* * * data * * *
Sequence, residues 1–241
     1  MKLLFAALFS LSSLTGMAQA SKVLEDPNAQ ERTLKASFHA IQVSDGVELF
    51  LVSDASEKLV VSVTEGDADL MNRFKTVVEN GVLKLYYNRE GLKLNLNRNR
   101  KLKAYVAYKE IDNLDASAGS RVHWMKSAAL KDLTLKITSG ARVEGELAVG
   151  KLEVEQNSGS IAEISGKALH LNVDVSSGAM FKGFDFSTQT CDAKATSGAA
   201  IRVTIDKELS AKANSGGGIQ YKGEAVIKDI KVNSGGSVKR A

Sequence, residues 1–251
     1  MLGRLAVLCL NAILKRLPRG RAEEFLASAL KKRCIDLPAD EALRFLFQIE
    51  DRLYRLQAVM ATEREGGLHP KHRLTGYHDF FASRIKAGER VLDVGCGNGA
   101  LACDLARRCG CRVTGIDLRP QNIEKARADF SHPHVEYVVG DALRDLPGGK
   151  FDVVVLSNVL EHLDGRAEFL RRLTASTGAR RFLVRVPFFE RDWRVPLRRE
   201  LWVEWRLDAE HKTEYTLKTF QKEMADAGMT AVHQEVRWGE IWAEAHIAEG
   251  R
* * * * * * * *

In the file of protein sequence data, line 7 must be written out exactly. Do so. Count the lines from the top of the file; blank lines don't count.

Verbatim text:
Sequence, residues 1–251